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The Cambridge License Commission (CLC) granted the Alpha Tau Omega fraternity a housing license on Thursday, June 4, though ATO continues to navigate the rocky waters of university fraternity bureaucracy.

ATO President DeRon M. Brown ’10 said in an e-mail: “It really feels great that our lodging license was finally approved. It was a very long process in which we worked very hard to complete the necessary steps to regain approval.”

Having had the license for only a week, ATO already opened summer housing for six residents, said Brown.

In previous years ATO has had up to 52 summer residents, said ATO Resident Adviser Ovid C. Amadi G in an e-mail.

Brown is confident that ATO can continue to operate with a sustainable budget despite reduced summer housing revenue.

After losing its housing license last summer when a pipe burst and flooded their house, ATO had been performing repairs on the pipe and other unexpected problems.

The CLC’s license approval is conditional on ATO following the alcohol rules set with MIT, restraining from using the roof, undergoing monthly inspections by the alumni board and MIT, and setting up inspections with the Cambridge Fire Department. The CLC plans to reexamine the decision in six months.

ATO Lacks AILG Accreditation

ATO’s recent housing license victory is a rare bright spot after a year of challenges.

For the past two semesters, MIT’s Association of Independent Living Groups (AILG), has not recommended ATO for accreditation. (The AILG is a group of FSILG alumni that advises current FSILG members.)

The Interfraternity Council (IFC) JudComm, is sanctioning ATO for an underage drinking incident during last fall’s Rush.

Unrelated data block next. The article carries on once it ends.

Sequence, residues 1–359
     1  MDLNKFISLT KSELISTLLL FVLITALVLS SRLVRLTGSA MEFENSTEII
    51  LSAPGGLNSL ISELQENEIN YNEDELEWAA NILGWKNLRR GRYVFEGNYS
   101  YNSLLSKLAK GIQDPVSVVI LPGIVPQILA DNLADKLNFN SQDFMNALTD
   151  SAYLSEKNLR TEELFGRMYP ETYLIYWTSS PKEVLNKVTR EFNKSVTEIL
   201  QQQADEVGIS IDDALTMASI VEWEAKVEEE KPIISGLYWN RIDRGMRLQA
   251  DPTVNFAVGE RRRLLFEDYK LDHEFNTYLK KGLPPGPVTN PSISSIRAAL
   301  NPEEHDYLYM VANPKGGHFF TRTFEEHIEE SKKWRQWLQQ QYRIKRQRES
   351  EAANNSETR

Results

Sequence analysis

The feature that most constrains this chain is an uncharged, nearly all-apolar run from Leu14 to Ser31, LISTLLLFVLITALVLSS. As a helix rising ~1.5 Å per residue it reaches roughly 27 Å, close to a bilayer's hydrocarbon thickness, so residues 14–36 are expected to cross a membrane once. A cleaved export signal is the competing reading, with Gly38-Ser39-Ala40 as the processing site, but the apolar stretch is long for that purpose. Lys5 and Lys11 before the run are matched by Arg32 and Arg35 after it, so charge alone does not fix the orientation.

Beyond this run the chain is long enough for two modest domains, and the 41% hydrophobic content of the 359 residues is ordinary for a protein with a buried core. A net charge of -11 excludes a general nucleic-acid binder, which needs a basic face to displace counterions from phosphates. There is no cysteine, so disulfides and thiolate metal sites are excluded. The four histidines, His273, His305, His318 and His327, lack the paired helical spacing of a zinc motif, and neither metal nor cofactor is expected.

But, the Division of Student Life (DSL) does not have “any motives to remove ATO,” said Kaya Miller, assistant dean of FSILGs and Residential Programs.

“ATO is fully recognized by MIT. They are under sanction by the IFC, but they aren’t the only fraternity under sanctions, so this is not unfamiliar with us,” Miller said.

The AILG’s reports were sent to DSL, which has been working closely with the ATO undergraduates and alumni board to help them address the weaknesses identified in the reports, said Miller.

DSL’s role is to help fraternities, sororities, and independent living groups stay “performing at top level,” Miller said. DSL has suggested 15 tasks to ATO, including making sure taxes are up to date, to help them reach this goal.

Miller said that in general, DSL dislikes making such decisions. Rather, the derecognition of a fraternity from MIT would normally be decided by the IFC JudComm or through the disaffiliation of a chapter from its national organization.

The last MIT fraternity to be derecognized was Sigma Alpha Epsilon (SAE), which was also held responsible for an underage drinking incident. SAE was derecognized by the MIT Dean’s Office in November 1999.

Miller also said that the CLC’s approval of ATO’s housing license does not affect its standing with DSL, apparently referring to the fact that non-residential FSILGs can remain in good standing with DSL despite not owning houses.

Brown, the ATO president, believes that by working closely with its alumni board and the FSILG Office, ATO will be able to obtain accreditation.